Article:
While the 2019 peace agreement signed in the CAR was a step forward, it has not yet been fully implemented, as militia attacks continued to occur. Pray for meaningful dialogue between state and non-state armed participants that would enable the agreement to succeed. The Chinese, the Russians, the UN peacekeeping forces (MINUSCA), the rebels, and the political authorities are all out to plunder what they can of the mineral riches of the country. The people have eyes only to weep. When will this nightmare ever come to an end? Pray that peace, stability and justice will come soon, for the sake of the civilians who continue to suffer immensely. Although a special criminal court was set up in 2015 to investigate and prosecute grave human rights violations, it lacks funding : so countless victims of violence are waiting for justice. Pray that the court will be fully financed, so that all perpetrators are held to account.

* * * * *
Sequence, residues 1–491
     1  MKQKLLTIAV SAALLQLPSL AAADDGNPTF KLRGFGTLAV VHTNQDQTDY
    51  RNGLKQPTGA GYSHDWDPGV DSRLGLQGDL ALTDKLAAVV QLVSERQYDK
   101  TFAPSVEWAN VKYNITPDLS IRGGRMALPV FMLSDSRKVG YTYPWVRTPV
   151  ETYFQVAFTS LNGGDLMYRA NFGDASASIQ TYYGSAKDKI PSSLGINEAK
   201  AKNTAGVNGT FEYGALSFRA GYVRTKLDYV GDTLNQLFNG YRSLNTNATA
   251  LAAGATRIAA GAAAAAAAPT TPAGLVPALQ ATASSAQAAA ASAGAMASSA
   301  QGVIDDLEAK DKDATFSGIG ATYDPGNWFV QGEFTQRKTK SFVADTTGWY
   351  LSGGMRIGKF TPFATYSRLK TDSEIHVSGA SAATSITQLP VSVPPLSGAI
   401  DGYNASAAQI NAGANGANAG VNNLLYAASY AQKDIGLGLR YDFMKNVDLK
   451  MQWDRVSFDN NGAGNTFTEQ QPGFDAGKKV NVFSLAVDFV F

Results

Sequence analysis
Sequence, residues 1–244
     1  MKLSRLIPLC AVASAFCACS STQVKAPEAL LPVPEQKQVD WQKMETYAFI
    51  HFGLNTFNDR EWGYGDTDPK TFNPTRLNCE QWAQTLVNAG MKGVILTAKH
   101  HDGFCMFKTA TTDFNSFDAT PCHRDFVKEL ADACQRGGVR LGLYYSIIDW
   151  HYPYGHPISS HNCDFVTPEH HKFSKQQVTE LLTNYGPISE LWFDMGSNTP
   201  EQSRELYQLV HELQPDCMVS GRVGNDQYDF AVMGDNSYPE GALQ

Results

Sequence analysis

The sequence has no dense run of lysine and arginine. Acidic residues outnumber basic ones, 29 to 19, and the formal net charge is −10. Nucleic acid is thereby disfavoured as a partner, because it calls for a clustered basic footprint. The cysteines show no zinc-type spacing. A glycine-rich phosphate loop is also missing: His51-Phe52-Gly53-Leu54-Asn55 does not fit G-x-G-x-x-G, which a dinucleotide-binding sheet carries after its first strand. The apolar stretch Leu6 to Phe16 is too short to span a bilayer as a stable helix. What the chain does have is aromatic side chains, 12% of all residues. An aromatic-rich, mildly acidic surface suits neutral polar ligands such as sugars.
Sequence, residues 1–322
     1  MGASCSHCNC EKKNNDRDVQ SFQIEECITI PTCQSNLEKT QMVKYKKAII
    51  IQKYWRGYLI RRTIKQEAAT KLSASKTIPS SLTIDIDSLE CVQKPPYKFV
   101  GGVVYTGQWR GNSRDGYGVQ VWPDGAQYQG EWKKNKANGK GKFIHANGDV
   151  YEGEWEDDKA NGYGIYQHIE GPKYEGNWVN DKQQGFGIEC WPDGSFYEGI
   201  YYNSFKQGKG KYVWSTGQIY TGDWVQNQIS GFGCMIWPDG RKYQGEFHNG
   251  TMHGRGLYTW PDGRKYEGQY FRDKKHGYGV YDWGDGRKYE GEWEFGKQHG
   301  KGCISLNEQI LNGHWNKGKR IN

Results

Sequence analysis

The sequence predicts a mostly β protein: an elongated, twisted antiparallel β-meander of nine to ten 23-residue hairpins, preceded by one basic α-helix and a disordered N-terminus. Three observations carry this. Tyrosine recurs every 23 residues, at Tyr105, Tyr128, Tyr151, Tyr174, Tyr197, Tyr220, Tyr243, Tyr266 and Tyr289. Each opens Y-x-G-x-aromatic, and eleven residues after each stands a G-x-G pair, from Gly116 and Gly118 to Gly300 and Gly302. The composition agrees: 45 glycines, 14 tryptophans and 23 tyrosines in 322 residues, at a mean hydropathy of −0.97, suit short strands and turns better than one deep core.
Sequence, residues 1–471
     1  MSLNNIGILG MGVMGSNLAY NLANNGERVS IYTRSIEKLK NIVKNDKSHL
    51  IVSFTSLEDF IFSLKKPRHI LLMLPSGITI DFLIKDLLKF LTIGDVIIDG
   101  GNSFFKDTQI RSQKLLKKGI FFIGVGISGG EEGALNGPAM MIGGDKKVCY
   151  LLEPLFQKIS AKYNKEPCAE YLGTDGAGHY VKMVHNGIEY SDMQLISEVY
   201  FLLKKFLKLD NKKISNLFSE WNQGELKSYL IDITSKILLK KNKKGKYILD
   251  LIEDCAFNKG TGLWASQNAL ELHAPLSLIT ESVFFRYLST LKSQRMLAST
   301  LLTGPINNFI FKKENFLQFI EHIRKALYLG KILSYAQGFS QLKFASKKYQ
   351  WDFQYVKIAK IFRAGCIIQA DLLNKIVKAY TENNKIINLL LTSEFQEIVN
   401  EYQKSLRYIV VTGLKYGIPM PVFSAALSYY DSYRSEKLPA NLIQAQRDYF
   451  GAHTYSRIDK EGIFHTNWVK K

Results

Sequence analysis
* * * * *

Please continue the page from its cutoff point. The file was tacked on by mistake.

The election of Ebrahim Raisi, sanctioned by America for his involvement in mass executions of thousands of political prisoners in 1988, became more of a coronation after his strongest competitors found themselves disqualified from running. That sparked calls for a boycott, and many stayed home. 28.9 million voted out of 59 million eligible voters, and 3.7 million voided their ballots. The low turnout and voided ballots suggest unhappiness with the tightly-controlled election, as activists criticised Raisi's ascension. Those casting ballots received stamps on their birth certificates. Not having a stamp could affect their ability to apply for jobs and scholarships, or to hold onto their positions in the government or the security forces. Iran accused Washington of claiming that last week’s election was neither free nor fair. Amnesty International wants Raisi investigated for crimes against humanity, murder, enforced disappearance and torture. See